Infiniti G37, 2011 car review (2024)

Want something different from the usual sports/luxury sedans? Try the often-overlooked Infiniti G.

It’s from Nissan’s upscale division and compares favorably with other sports/luxury cars.

The 2011 G sedan comes as the G37 with a 3.7-liter V-6 that produces 328 horsepower or as the new G25, which has a 2.5-liter V-6 with 218 horsepower. That engine is from Nissan’s Japanese-market Skyline model.

The G25 has the same exterior, interior and chassis as the G37, which means it has the same slick body but low front end that can be damaged by high curbs if a driver isn’t careful.

The G25 does 0-60 mph in 7.3 seconds. That’s hardly crawling, but is nearly two seconds slower to 60 than the thundering G37, which has a great exhaust sound under full throttle.

The G25 sedan lists from $32,000 to $35,000, while the G37 four-door costs from $35,800 to $44,70. Both are offered with rear-wheel drive or all-wheel drive.

Rivals include the Audi A4, BMW 3-Series, Cadillac CTS, Lexus IS and Mercedes-Benz C-Class — all heavy hitters.

The G sedan (coupe and convertible “G” models also are offered) has many comfort and convenience features. Safety items include stability control, brake assist features for surer stops and lots of air bags.

The G25 is offered in three trim levels with just one option—a power sliding tinted glass sunroof.

With the G37, you can get seven trim levels: G37Journey, G37x AWD (all-wheel drive), Sport 6 MT (manual transmission), Sport Appearance Edition, G37x AWD Sport Appearance Edition, G37 Limited Edition and G37x AWD Limited Edition.

I tested a G37x AWD Limited Edition, which had everything from an engine start/stop pushbutton and killer sound system to a dash-mounted color monitor display.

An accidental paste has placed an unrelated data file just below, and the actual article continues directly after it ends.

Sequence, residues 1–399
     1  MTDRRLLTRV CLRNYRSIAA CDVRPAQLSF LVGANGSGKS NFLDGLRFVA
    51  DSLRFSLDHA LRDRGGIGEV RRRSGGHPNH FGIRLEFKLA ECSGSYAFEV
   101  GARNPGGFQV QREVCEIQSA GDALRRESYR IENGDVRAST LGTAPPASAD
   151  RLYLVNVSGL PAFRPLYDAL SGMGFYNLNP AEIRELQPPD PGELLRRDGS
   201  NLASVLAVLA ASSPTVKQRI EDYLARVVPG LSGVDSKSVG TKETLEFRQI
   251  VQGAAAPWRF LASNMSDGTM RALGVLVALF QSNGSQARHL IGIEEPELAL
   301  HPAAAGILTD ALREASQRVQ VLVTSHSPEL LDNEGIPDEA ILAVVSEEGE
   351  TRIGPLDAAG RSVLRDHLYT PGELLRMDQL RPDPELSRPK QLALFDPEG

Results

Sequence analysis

Things get a bit snug for a tall passenger behind a driver who slides his seat far back, and the center of the rear seat is too stiff for comfort. Otherwise, the interior is roomy. The trunk has a high opening, but is moderately large.

All G sedans feature a slick-shifting 7-speed automatic transmission — except the $40,200 G37 Sport Sedan. That one has a close-ratio six-speed manual transmission and a sport-tuned suspension, front sport seats and unique cosmetic features. Too bad there’s no manual-transmission option for the G25.

However, the 7-speed automatic is the way to go for most G sedan buyers. After all, a G sedan is a luxury/performance sedan. The automatic has an easily used manual shift mode, but there’s little need to use it because this transmission shifts so well in fully automatic mode. It also has a sport mode and automatic adaptive shift control for sportier shifts in performance driving situations.

Estimated fuel economy for G25 rear-drive models is 20 mpg city and 29 highway with rear-drive, or 19 and 27 with all-wheel drive.

Figures for the G37 rear-drive sedan are 19 city and 27 highway with the automatic and 17 and 25 with the manual gearbox. Fuel economy for G37 all-wheel-drive models is estimated at 18 city and 25 highway.

My high-quality test car’s speed-sensitive power steering was quick, but felt rather stiff. The ride was firm, but supple, although wavy pavement caused mild jounce. Handling was sharp — almost in the sports-car class — and braking was powerful, controlled by a firm pedal.

Large door handles make it easy to slide in and out of the G sedan, and the quiet interior has a definite uptown look. The front console almost seems oversized (as does the rear armrest), but backlit gauges are easy to read, and controls, though small, are generally well-placed and fairly easy to use.

Quick moves are needed, though, to stop the power windows from racing up or down after they’re activated, but front/rear cupholders are nicely placed, and there are a fair number of interior storage areas.

The hood glides up on twin struts, and fluid filler areas can be easily reached.

The fast, sporty, refined Infiniti G sedan is a solid alternative to better-known rivals.

Dan Jedlicka has been an automotive journalist for more than 40 years. To read more of his new and vintage car reviews, visit:

Article Last Updated: November 19, 2013.

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James Raia

A sports, travel and business journalist for more than 45 years, James has written the new car review column The Weekly Driver since 2004.

In addition to founding this site in 2004, James writes a Sunday automotive column for The San Jose Mercury and East Bay Times in Walnut Creek, Calif., and monthly auto review and wellness columns for Gulfshore Business, a magazine in Southwest Florida.

An author and contributor to many newspapers, magazines and online publications, co-hosted The Weekly Driver Podcast from 2017 to 2024.

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